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PEDAGOGY OF THE CITY, by Paulo Freire. (Continuum, $17.95.) Over the last 30 years, few writers have done more to reinvigorate progressivism on an international scale than the Brazilian writer and scholar Paulo Freire. From his early days as a teacher of Portuguese, through his years in exile (1964-1980), to his tenure as Sao Paulo Secretary of Education (1988-1991), Freire has always insisted that education is essentially political--a matter not only of what content is taught to whom but also of just how that knowledge is conveyed. Conservatives interested in sustaining the status quo, he argues in this book of interviews, see education in terms of a "banking pedagogy,'' that is, they want to "deposit'' knowledge into the minds of students, presenting this knowledge as something of immutable value. Progressives wanting to empower the disenfranchised, on the other hand, enable their students to understand that knowledge is in fact constructed by people and "that the world that is being presented as given is, in fact, a world being made and, for this very reason, can be...reinvented.'' In short, conservatives want students to accept reality while progressives want to help them remake it in their own terms. Abstract as all this may seem, an acquaintance with Freire's ideas, which he put into practice with desperately poor Brazilian students, can affect a teacher's everyday attitudes. Teachers of the impoverished may be more respectful of their students' life experiences. And an acceptance of Freire's premise that teaching is an open-ended process of discovery rather than a predetermined routine can save one from burnout. Freire himself recalls having taught the same grammar content in five different morning classes, saying, "It was possible and necessary to move myself in different times with the same joy and the same curiosity of someone who learns from teaching. The teacher has a duty to 'relive,' to be 'reborn' in each moment of his or her practice.'' While an exacting theorist, Freire is no pedant--as an administrator he built new schools and repaired dilapidated ones. And he speaks with a conviction borne of trial that compels even his opponents to confront his views.

TIME TO CHOOSE: America at the Crossroads of School Choice Policy, by Amy Stuart Wells. (Hill and Wang, $25.) A major impetus behind the national push for virtually unrestricted school choice is the belief that it would force sluggish public schools to improve in order to compete for students. The students, benefiting from more rigorous academic preparation, would in turn be better able to compete in a worldwide economy. Wells, in a painstaking analysis of a complex subject (there are a bewildering multitude of choice plans), takes issue with this argument. Scrutinizing Minnesota's comprehensive choice plan, which permits students to leave one school district to attend a school in another, Wells marshals evidence indicating that parents and their children too often choose new schools because of better facilities and sports teams. Furthermore, the state does not generally pick up transportation costs, a factor that favors wealthier parents. Equity issues aside, Wells also raises important questions about some choice advocates' view of education as essentially preparation for economic success. What, she asks, about the democratic notion of education for the common good? And what about education for individual growth--growth that cannot be reduced to mere economic preparedness? Wells worries that these ideals would be lost in a choice set-up that is primarily entrepreneurial. Her own preference is for controlled choice that strikes "a delicate balance between parents' rights to choose...and society's obligation to distribute educational opportunities more equally.'' She cautiously offers the Cambridge (Mass.) Public Schools as a model that sustains equitable desegregation by, among other things, duplicating the more popular magnet programs and providing parent-information centers. Unfortunately, controlled choice is extremely expensive--well over $9,000 per child in Cambridge. One wonders if the social engineering fair choice plans seem to require is affordable or even desirable. Still, Time to Choose succeeds in that it's likely to make those entrenched on both sides of the issue reconsider their positions.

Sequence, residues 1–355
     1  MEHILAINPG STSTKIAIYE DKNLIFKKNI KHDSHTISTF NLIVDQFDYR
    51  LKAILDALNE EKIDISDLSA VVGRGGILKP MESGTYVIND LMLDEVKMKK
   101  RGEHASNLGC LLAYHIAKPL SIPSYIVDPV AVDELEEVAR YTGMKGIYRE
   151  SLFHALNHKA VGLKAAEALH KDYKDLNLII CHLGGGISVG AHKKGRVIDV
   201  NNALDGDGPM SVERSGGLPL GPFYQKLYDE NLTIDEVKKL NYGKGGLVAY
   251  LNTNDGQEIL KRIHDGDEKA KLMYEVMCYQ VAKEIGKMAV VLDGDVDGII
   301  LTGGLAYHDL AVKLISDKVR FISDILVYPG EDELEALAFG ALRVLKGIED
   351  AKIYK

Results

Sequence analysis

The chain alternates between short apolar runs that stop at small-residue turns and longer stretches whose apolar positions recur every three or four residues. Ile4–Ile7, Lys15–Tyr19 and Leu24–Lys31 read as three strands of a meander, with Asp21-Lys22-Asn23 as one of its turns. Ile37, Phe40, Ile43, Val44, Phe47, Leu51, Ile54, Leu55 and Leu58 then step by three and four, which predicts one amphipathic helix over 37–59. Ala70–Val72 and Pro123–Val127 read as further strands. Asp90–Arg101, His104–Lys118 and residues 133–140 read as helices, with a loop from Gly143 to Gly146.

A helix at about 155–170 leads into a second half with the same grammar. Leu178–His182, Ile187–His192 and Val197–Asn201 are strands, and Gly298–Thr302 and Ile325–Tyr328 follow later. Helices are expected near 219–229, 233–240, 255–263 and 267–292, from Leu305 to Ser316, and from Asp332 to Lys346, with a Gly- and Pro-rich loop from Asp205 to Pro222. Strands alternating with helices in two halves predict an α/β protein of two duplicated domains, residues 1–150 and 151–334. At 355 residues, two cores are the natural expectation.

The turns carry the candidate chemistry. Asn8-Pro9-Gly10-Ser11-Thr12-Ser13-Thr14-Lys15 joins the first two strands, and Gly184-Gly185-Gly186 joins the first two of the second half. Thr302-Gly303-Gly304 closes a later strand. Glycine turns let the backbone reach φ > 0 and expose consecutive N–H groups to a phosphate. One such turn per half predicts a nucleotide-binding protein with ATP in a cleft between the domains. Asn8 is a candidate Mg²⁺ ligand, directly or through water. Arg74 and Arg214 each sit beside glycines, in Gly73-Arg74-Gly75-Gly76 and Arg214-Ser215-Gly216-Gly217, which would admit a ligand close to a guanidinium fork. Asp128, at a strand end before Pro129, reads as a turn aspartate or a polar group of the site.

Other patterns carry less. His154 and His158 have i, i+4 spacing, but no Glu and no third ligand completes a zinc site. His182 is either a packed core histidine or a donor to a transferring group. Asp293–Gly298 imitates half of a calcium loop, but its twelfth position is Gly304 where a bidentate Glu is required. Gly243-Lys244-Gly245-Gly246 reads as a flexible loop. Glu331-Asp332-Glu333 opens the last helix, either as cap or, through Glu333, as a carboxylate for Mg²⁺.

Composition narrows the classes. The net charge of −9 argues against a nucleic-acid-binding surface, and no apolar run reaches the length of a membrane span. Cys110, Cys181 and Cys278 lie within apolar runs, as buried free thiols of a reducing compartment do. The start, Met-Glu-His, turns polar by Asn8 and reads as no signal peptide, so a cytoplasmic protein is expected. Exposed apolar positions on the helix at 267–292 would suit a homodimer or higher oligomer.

THE HOME ENVIRONMENT AND SCHOOL LEARNING: Promoting Parental Involvement in the Education of Children, by Thomas Kellaghan, Kathryn Sloane, Benjamin Alvarez, and Benjamin Bloom. (Jossey-Bass, $28.95.) This synthesis of research on the influence of the home on schooling is full of statements like this: "Reading books was the out-of-school activity that proved to have the strongest association with reading proficiency.'' In short, the study wields few surprising conclusions: Children will benefit when raised in homes that encourage intellectual development. To overcome the discontinuity between what children fail to learn at home and what they must learn at school, the authors essentially advocate intervention programs in which a facilitator works with parents on developing learning strategies beneficial to their children. But won't adding another layer of "experts'' further bureaucratize the schools? And to what extent should schools adapt to families rather than vice versa? These are questions that need further exploration.--David Ruenzel

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